Thobe, the liveliest bricklayer that Oxford, Ohio, ever produced, sneaked in behind a truck of bottled beer, but he gave value received. He wore one red shoe and one white one, carried a red parasol and sported a wing collar and a crimson necktie. He danced on the infield for free to the tunes of a sour-sounding band and announced that the Yankees were the only baseballers who did not make him welcome.

Yankees too dignified

“They are very dignified,” Thobe said. “They always chase me out because I make too much noise.”

So all right. That leaves us with Game No. 2, and at this writing there are seats for sale and not much of a line at the bleachers window, or the pavilion wicket, either.

One of the difficulties, of course, is that everybody loves everybody at this ball game and you miss most of the fun unless you’ve got a team to hate. How can a loyal St. Louis fan deliver raspberries to the Cards? Or scream down curses on the Browns?

‘Ain’t no fun’

All he can do is sit there quietly, chewing deluxe 15-cent hot dogs and cheering both sides equally. No matter what happens. St. Louis wins and that, according to Mrs. Ott, a hefty lady in a speckled dress, ain’t no fun.

The situation’s got her down. If only Detroit had come to town, she said dreamily, she could have put some steam behind those neighs. She could have made uncomplimentary noises such as nobody ever heard before. For weeks she’s been practicing, sotto voce, in her bath.

Now look. It just ain’t right and you can take that from Mrs. Ott.


Clutch hitter –
McQuinn beats handicaps

St. Louis, Missouri (UP) –
Six weeks ago, Manager Luke Sewell, trying to win his first pennant – and incidentally the St. Louis Browns’ first American League title – was wondering whether he would have to finish out the season with Mike Chartak, a parttime outfielder, at first base.

Today, he was mighty happy that he didn’t have to. Not that he has anything against Chartak, but any manager would be glad to have George McQuinn’s flashy fielding and clutch hitting.

At that time there was doubt whether McQuinn would be able to finish out the season. He was troubled with sciatica and then came the news that his brother was missing in action. He has gone down in the Atlantic.

McQuinn rested

That news, together with sciatica, was too much for McQuinn. Sewell “rested” him for several days, using Chartak, like McQuinn a fugitive from the New York Yankee farm system, at first base.

But, as the season drew toward a close, Sewell called on McQuinn again. And he produced. In one of those four highly important games with the Yankees he hit his eleventh home run of the season and it won a game the Brownies had to win to stay in the running for the American League pennant.

They went on and won it – and today they were off to a winging start in the World Series – thanks to 33-year-old George McQuinn.

All year long McQuinn has been helping Luke’s pitchers out of touch spots with his fielding. He was his usual self in that department yesterday and for good measure, he added his bat.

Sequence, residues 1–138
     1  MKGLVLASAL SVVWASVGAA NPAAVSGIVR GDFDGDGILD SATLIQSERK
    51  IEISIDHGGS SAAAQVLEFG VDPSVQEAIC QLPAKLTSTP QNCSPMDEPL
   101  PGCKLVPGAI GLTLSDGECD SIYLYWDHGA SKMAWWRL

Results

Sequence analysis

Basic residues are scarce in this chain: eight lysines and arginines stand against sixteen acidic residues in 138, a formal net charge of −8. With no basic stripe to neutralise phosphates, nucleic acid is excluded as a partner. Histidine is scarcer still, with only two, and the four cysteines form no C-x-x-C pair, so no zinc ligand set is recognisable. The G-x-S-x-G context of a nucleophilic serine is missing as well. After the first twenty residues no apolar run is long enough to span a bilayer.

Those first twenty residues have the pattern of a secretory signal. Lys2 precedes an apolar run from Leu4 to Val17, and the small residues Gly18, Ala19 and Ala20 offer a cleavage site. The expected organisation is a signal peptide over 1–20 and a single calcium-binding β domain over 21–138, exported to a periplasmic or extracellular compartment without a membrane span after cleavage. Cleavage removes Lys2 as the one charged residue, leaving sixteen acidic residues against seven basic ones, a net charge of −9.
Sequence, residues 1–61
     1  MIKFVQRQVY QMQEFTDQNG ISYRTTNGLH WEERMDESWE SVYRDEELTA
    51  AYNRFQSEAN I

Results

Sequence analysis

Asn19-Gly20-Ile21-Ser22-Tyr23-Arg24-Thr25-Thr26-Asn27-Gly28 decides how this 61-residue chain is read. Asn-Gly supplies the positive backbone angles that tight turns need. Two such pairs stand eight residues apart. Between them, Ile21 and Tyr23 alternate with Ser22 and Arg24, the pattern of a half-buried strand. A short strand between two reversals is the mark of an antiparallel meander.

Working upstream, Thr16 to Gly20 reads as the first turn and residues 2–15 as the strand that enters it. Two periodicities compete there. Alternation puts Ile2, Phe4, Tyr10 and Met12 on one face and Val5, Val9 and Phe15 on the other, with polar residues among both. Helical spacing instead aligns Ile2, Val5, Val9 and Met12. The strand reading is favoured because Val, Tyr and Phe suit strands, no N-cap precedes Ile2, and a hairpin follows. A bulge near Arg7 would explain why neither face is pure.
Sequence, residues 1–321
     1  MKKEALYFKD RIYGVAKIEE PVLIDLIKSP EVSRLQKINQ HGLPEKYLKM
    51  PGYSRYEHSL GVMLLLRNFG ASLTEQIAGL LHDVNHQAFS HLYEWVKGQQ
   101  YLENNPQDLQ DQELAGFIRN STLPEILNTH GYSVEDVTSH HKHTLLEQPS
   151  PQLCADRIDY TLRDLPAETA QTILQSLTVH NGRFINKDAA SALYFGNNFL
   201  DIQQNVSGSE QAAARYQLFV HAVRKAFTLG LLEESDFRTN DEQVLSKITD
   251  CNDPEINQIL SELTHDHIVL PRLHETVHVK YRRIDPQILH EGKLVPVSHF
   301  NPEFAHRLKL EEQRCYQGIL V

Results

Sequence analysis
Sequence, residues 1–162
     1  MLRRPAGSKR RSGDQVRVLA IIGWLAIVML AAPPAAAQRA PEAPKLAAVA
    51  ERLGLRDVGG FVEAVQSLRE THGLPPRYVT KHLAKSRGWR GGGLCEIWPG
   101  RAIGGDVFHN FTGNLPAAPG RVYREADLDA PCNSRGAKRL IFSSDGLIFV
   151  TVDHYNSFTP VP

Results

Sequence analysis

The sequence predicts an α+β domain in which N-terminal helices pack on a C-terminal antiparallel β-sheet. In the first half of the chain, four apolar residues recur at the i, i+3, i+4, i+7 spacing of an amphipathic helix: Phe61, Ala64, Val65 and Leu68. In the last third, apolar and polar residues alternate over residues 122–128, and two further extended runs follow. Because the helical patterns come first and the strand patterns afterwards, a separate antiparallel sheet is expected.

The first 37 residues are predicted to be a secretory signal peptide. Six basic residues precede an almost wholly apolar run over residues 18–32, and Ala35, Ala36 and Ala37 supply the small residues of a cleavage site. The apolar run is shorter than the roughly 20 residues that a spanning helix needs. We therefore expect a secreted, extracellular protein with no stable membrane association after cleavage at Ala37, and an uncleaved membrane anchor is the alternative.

Hits payoff blow

He struck the payoff blow – a home run in the rightfield pavilion. It came with Gene Moore, who had singled, on base and that made the difference between the final score of the Browns 2 and the Cards 1.

“It was a low fast one,” McQuinn said, “I didn’t hit it particularly hard, but I caught it just right.”

So did one of 33,000 fans sitting in the pavilion. The blow cost big Mort Cooper, the fastball hurler of the Redbirds will testify that McQuinn has the right idea. It cost him a two-hit ball game and the extra mileage on that second hit was the difference.


Fits ‘poor man’s’ series –
Williams: Underprivileged Brownies make two hits go long way

By Joe Williams

St. Louis, Missouri –
A 33-year-old righthander, Dennis Galehouse, who has never pitched better than .500 baseball at any time since he has been in the big leagues, pitched the Browns to victory in the opening game of the poor man’s World Series. The circumstances of the pitcher’s background somehow made this a fitting start.

It was also fitting that the Browns, appearing in the series for the first time in history, and never too well-heeled in any department, made only two hits, yet these, accounting for two runs, proved sufficient to turn back their city rivals, the supposedly much more trenchant Cardinals. This was their way of showing the underprivileged can make a little go a long way.

One of these hits was a home run by George McQuinn which barely reached the rooftop in right field. Two were out at the time and Gene Moore was on first by virtue of a single. McQuinn hit the second pitch, a fast ball, letter high and, as the game was played, this proved to be the payoff. McQuinn, incidentally, is a Yankee discard and it was not surprising he applied the familiar Yankee technique.